Last Friday, the 8th of December, the Swiss-Chinese Chamber of Architects and Artists (SCAA) held their 8th and last event for this year in the Kulturhaus Helferei. The guest speaker was Uli Sigg, famous collector of contemporary Chinese art and founder of the China Contemporary Art Awards (CCAA). The moderator was Mulan Sun, founder of SML Architektur ETH SIA and president of SCAA.
“To demolish the rules but to keep the tradition”, with this quote by the designer Alexander McQueen Mulan Sun, the moderator of last Friday’s discussion with Uli Sigg about contemporary Chinese art, summarized the dilemma of Chinese artists nowadays. The struggle of inventing something new, having a new idea and contributing to the global art discourse, is not one that only Chinese artists have. What is different for Chinese art in comparison to western art or “Westkunst” as Sigg calls it, is the paradigm that lies beyond: In the “Westkunst” the historical experience is being refused, the tabula rasa principle applied on all tradition. Harmony and beauty has no importance. The Chinese paradigm wants to build on tradition, the idea that something new can only arise when the artist is in the “state of the master” prevails. Beauty and harmony are important.
In the years from 1979 to 1981 the window to cultural freedom was wide open in China and contemporary artists who did not work with the socialist-realist propaganda code were seen in public for the first time. The artists wanted to contribute to building a new China and were enthusiastic about new ideas, subjects and forms of expression. When their works were not shown in the National Art Museum, the artist group “the Stars 星星画会” mounted their art on a fence outside the museum, where hundreds if not thousands of citizens came to discuss the paintings that had never been seen before.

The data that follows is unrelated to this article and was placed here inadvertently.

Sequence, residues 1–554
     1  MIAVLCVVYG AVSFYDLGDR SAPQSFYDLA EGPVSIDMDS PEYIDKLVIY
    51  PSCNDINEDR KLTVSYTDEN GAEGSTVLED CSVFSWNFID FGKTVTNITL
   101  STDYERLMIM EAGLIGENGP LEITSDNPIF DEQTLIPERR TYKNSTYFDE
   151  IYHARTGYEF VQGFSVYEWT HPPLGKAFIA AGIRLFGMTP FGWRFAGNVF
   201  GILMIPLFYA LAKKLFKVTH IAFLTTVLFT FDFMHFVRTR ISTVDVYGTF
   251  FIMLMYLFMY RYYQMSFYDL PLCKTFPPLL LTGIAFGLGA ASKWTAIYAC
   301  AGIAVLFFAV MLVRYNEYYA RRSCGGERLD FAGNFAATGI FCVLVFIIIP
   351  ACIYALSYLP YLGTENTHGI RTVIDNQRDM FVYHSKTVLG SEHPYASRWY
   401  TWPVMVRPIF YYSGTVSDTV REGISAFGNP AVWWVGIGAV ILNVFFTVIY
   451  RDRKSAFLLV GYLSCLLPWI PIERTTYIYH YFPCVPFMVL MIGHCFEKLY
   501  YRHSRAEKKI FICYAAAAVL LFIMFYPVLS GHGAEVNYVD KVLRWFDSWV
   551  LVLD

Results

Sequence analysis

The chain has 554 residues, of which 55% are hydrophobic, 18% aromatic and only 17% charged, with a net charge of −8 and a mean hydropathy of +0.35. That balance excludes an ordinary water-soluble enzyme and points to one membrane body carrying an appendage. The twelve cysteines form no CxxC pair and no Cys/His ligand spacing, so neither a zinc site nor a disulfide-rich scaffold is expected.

Sigg told his story: as he went to China in 1979 to work he wanted to find another approach to Chinese reality through art. He explained that at first he was disappointed by what he found. Looking at contemporary Chinese art with a western eye, the works seemed to have been made 80 years late, the ideas had been developed in the West before. All the artworks he found were nevertheless very important contributions to the history of Chinese art. Ten years later Sigg had managed to change his point of view. As he pointed out more than once during the evening, one always has a blind spot when looking at unfamiliar cultures, but one must try to identify that blind spot and reduce it. Sigg started collecting art in 1989 and from the beginning had the ambition of collecting relevant artworks from the cultural revolution up to today, since no official institution in China did the job. Now Sigg has returned 1500 of his 2300 accumulated works, by making a donation to the M+ museum in Hong Kong West Kowloon. This marks the fulfillment of his original goal, to build the biggest collection of contemporary Chinese art, to make it accessible to the public and to contribute to the discourse about Chinese art.
One of the questions that were asked at the Q&A after the discussion was if there are two parallel art worlds in China: the contemporary underground scene and the contemporary academic scene. This, of course, sparks the discussion of which art is relevant to art history. A canon is being written by Chinese art critics, but Sigg suggested that research on the subject could only be started after the opening of the M+ Museum. Will there be two histories of contemporary Chinese art? Will a way be found to merge the different approaches and to produce one universal canon? Many galleries have up to date published great catalogues on the various artists that are also present in Sigg’s collection, but would that not be the market that writes art history? Will there ever be a national history of contemporary Chinese art, written by Chinese art critics but not exclusive of the many works that have had a tough position over decades?
The next event of SCAA will take place in January in cooperation with Galerie Urs Meile.
(caption of the title image: Weng Fen 翁奮 ‘Sitting on the Wall’ (detail), 2002-2003) © Weng Fen